With Conn’s interim president position now filled, the Board of Trustees will turn its full attention to the search for the College’s 12th president. A 15-member search committee of trustees, faculty, staff and students plans by late June to select a national executive search firm that specializes in higher education. The firm’s first steps will include seeking input from a cross-section of senior administrators, faculty, staff, students, alumni, parents and other friends and supporters of the College.
Sept. 23 kick-off event features Simone Dinnerstein on piano
A Far Cry stands at the forefront of an exciting new generation in classical music. On Saturday, Sept. 23, at 7:30 p.m., the orchestra will be joined by pianist Simone Dinnerstein in Palmer Auditorium.
A Far Cry, the Grammy nominated, self-conducted orchestra, “brims with personality or, better, personalities, many and varied,” according to The New York Times. A Far Cry was founded in 2007 by a tightly-knit collective of 17 young professional musicians — the Criers — and since the beginning has fostered an innovative structure of rotating leadership among the group, both on stage and behind the scenes. By expanding the boundaries of orchestral repertoire and experimenting with the ways music is prepared, performed and experienced, A Far Cry has been embraced throughout the world with hundreds of performances coast to coast and across the globe, and hundreds of thousands of online views of live streaming concerts and YouTube archives.
American pianist Simone Dinnerstein is an inventive artist who is motivated by a desire to find the musical core of every work she approaches. The New York-based pianist gained an international following with the remarkable success of her recording of Bach’s Goldberg Variations. Released in 2007 on Telarc, it ranked No. 1 on the U.S. Billboard Classical Chart in its first week of sales and was named to many "Best of 2007" lists, including those of The New York Times, The Los Angeles Times and The New Yorker.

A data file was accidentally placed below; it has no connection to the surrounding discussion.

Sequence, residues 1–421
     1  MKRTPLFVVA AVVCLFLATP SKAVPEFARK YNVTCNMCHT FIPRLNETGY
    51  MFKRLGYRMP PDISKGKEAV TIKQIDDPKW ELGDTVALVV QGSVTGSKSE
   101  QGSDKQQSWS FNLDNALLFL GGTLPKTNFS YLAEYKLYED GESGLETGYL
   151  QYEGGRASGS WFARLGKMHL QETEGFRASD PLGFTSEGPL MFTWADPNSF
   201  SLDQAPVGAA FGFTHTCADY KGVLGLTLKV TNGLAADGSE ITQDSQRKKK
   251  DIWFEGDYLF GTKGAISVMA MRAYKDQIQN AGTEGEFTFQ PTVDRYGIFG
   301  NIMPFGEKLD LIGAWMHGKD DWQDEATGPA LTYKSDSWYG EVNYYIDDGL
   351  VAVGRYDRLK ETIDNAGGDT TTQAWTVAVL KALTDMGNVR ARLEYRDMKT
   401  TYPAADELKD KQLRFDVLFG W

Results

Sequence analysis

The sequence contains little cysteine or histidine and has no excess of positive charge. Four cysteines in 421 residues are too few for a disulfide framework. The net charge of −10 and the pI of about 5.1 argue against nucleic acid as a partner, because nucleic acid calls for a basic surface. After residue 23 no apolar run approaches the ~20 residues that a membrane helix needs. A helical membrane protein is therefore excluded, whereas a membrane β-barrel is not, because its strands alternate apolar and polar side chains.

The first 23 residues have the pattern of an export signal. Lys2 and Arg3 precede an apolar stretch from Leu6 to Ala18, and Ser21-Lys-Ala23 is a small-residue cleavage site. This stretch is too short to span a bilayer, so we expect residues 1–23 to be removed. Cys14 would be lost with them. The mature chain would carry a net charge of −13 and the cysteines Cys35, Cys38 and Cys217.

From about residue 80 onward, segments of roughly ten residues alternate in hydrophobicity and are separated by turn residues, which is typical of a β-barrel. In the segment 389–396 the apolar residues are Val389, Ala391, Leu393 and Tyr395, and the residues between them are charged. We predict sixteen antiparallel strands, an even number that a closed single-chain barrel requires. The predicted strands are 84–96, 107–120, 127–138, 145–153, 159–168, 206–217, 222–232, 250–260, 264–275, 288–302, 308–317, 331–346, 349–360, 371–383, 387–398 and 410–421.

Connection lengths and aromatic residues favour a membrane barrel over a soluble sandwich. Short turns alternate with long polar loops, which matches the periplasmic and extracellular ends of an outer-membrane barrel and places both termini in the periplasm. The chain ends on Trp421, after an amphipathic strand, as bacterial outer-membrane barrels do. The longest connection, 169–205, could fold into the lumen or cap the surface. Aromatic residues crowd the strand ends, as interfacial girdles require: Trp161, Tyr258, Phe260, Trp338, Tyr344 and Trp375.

The concert program spans the centuries, with works by Johann Sebastian Bach and Philip Glass and includes a newly commissioned piano concerto by Glass. “There are almost no concertos written for piano and strings since Bach's time. Both Glass and I have a strong interest in the music of Bach and how it impacts us today. The pairing of the Bach concerto with his own composition will create myriad strands of connectivity, enabling the listener to draw bridges between the old and the new,” Dinnerstein said.
“I have been aware of A Far Cry for a few years and as I was searching for a season opener to celebrate our centennial of presenting the performing arts I thought they were a perfect match,” said Robert Richter, Connecticut College’s director of arts programming. “What better way to celebrate our centennial than with an innovative chamber orchestra made up of young musicians? Add to that a world class pianist and a program that spans the ages. It will be a fantastic concert!”
Reserved seating tickets are $28; seniors, $25 and students, $14.